Also, I can’t tell with out seeing the hind from the rear, but in the trotting picture it looks like this horse paddles severly in the hind end (see how the right hind seems to stretch inside and under the horse’s body, and the left hind seems to be stretching towards the inside as well, with a slight rotation of the hocks…..and indictation that he is cow-hocked. When looking at a horse from the rear, the hocks should be straight, with adequate and uniform spacing between the hind legs. In cow-hocked horses, when viewed from the rear, the hocks turn in and most often, the horse’s feet also point outward (pigeon-toed), which causes a paddling motion when the horse is striding, most noticeable at the trot. What this means is that there is more stress on the horse’s joints (the surrounding muscles and ligaments have to work extra hard to keep everything where they should be). And when things are constantly stressed like that, where everything is working hard (and we are talking with just flat work- not jumping), the joints and muscles are more prone to injury….

    Don’t know how old this guy is, but with the horrible confirmation, he is going to be predisposed to injuries and things like arthritis, especially if someone tries to do a lot of jumping with him. I will say one thing, especially with horse’s that have less then ideal confirmation, people should think about hiring a photographer, to help show the horse in the best light possible (even with proper confirmation shots, a good trainer will still be able to point out some of the flaws. If there is a video or the trainer sees the horse move, they will be able to tell pretty quickly whether the horse is suitable or not for their purposes). These pictures are horrible, and maybe the horse’s confirmation isn’t nearly as bad as what I am seeing (the trot picture is crap and the “confirmation” shot sucks too, considering he’s not standing square, so to really look and see the angles accurately is difficult. Both shots, are making his flaws stick out like a sore thumb. Pending his age and training, my thinking is he would make a decent beginners hunter mount (walk- trot, maybe a little canter and maybe some very small jumps- like a child’s puddle-jumper). Be to ask him to do much more, with higher jumps, will only cause this horse’s joints to break down quicker and he’ll become a pasture pet more quickly.

    And if I was looking at this horse, I wouldn’t offer more then $1000- $1500- which would be pushing it….

    • Just a quick reply because I’m at work. The horse is 3 – so he won’t have much of a topline and is most likely at the height of his awkward/ugly 3 year old-ness so a few aesthetics can be forgiven… for now! Next, cow hocks aren’t the worst conformational flaw – it completely depends on their severity. A horse that toes out does not necessarily have cow hocks – cow hocks aren’t just about the hocks pointing inwards, it’s about the angle. Ugh sorry, don’t have time to go into detail but Deb Bennett did an amazing article in Equus on this maybe 2 months ago. Might be available on their website?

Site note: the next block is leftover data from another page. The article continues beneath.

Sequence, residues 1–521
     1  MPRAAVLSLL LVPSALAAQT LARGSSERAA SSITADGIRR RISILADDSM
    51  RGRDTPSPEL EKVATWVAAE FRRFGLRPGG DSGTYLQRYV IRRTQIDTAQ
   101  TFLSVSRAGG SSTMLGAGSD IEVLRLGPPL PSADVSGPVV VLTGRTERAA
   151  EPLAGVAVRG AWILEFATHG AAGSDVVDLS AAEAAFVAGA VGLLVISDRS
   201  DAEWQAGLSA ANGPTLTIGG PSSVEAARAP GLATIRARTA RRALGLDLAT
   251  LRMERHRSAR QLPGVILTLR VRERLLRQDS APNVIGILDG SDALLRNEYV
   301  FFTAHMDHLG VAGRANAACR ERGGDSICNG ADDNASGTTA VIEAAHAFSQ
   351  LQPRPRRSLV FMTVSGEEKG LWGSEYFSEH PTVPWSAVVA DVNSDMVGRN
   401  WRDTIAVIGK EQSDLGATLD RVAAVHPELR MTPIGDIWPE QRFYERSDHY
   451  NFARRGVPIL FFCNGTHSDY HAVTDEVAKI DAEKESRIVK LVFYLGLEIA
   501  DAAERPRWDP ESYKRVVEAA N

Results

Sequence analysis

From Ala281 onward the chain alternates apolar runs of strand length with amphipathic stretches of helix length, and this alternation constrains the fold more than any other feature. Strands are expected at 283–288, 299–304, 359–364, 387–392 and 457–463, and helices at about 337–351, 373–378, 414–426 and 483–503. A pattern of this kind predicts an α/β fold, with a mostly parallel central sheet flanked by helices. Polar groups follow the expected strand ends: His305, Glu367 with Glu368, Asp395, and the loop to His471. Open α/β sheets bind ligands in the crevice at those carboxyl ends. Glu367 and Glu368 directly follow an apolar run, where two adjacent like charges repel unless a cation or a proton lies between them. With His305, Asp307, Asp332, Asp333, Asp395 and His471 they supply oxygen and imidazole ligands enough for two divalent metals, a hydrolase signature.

from wiki: (http://en.wikipedia.org/wiki/Equine_conformation)
      Cow Hocks/Medial Deviation of the Hocks/Tarsus Valgus

      Hocks deviate toward each other, with the cannon and fetlock to the outside of the hocks when the horse is viewed from the side. Gives the appearance of a half-moon contour from the stifle to hoof. Often accompanied by sickle hocks.
      Fairly common, usually seen in draft breeds.
      Disadvantages to trotting horses, harness racers, jumpers, speed events, and stock horses.
      Many times Arabians, Trakehners, and horses of Arabian descent are thought to have cow hocks. But really the fetlocks are in alignment beneath the hocks, so they’re not true cow hocks.
      A slight inward turning of hocks is not considered a defect and should have no effect.
      A horse with a very round barrel will be forced to turn the stifles more out, giving a cow-hocked appearance
      Medial deviation in true cow hocks causes strain on the inside of the hock joint, predisposing the horse to bone spavin. Abnormal twisting of pastern and cannon predisposes fetlocks to injury.